Jul 08

vi Cheatsheet

OVERVIEW

Almost every Linux distribution includes the vi text editor, and it’s usually the only text editor included in minimal installations.  If you’ve never used vi, it can seem really confusing at first and can even be frustrating since you’ll need to use it to configure network settings prior to downloading another text editor such as nano.  If you’re not familiar with vi, it is important to note there is a “command” and “insert” mode. If you’ve never used vi, you’ll probably find it easier at first to enter “insert” mode when modifying a text file, escaping to command mode, and entering the command to save and quit.  Here’s a quick cheat sheet of the commands you’ll need:

Command Definition
i Enters “insert” mode
esc The escape key exits “insert” mode and returns to “command” mode
:wq In command mode this saves the file and quits once you press the enter key
:q! In command mode this quits the file without saving once you press the enter key

EXAMPLE

Open a file to edit with vi

Once you open the file, you’ll be in command mode by default and you’ll see the line count and character count at the bottom of the file

vi_opened

Now, if you press the ” i “ key you’ll now enter insert mode which is noted at the bottom.  Once in insert mode, you can edit text where the blinking cursor is located just like most other text editors.

vi_insert_mode

Once you’ve finished your modifications, press the Esc key to return to command mode.  In command mode, you’ll see your commands appear at the bottom of the screen when you type them.  Save and quite by pressing the colon key, w key, q key, and press the Enter to execute the commands.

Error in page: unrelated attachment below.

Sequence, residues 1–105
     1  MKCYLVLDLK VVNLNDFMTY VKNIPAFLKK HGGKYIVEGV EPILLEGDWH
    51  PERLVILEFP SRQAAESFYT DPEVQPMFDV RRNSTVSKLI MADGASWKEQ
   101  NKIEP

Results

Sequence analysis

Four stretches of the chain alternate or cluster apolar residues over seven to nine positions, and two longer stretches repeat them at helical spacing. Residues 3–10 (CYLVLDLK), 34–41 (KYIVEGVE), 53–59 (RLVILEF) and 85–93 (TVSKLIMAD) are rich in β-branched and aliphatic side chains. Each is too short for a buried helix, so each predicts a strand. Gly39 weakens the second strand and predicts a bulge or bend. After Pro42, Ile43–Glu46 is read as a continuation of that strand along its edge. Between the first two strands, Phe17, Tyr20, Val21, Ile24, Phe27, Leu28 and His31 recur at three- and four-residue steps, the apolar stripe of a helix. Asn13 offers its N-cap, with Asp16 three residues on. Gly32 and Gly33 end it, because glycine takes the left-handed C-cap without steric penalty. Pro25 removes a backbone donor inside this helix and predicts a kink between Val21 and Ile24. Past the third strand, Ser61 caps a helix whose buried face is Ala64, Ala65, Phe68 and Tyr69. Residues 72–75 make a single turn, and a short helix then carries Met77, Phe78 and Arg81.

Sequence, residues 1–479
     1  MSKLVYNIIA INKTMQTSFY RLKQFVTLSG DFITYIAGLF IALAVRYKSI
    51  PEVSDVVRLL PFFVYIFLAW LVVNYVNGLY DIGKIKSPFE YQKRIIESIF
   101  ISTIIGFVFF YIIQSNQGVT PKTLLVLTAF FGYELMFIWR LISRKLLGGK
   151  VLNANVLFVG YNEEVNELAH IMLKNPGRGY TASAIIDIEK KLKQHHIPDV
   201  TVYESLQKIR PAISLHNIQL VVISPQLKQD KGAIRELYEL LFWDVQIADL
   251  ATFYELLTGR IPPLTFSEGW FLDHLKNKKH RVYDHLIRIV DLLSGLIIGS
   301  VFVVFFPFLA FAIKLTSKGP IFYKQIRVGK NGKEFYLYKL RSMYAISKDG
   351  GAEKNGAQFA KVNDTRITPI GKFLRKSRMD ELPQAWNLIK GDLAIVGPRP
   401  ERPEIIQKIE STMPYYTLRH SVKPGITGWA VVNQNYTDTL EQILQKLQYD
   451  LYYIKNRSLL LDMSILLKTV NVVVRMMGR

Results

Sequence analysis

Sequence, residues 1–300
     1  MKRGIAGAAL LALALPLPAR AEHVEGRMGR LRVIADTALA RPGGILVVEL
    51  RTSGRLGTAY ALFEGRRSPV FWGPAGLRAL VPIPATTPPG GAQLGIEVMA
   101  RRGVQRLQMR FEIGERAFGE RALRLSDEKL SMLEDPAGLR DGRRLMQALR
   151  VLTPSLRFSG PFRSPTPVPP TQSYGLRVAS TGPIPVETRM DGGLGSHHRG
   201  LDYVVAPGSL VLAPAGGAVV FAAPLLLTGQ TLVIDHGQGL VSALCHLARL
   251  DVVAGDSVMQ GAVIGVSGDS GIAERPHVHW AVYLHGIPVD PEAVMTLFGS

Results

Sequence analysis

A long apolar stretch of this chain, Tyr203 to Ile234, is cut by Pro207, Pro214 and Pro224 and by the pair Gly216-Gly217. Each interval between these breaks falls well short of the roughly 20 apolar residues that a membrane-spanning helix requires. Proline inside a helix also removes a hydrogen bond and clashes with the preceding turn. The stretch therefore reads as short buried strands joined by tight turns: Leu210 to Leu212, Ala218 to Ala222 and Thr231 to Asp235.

vi_save_quit

Once complete, you’ll see a notification that the file was written.

vi_written

Jul 08

How to Configure Network Settings in CentOS 7

1 – FIND YOUR NETWORK ADAPTER

Once logged in, you’ll want to enable and configure your network adapter.  First, you’ll need to get the name of your network adapter(s) by running the following command:

Below you’ll see my results of running this command.  My results show I have an Ethernet adaptor called ens160 and it’s currently disabled.  Please take note of the name of your network adapter, which may be different.

"nmcli d" Results

2 – CONFIGURE NETWORK ADAPTOR

Once you have the name of your network adapter, you’ll want to enable it and configure it.  We will configure it using the vi text editor.  If you’re not familiar with vi, take a look at:

vi cheat sheet

Use the following command to use vi to configure your network settings.  Note: replace ens160 with the name of your network adapter you noted above)

The content will look something like this:

To Configure a DHCP IP

Modify the following lines:

To Configure a Static IP

Modify the following line: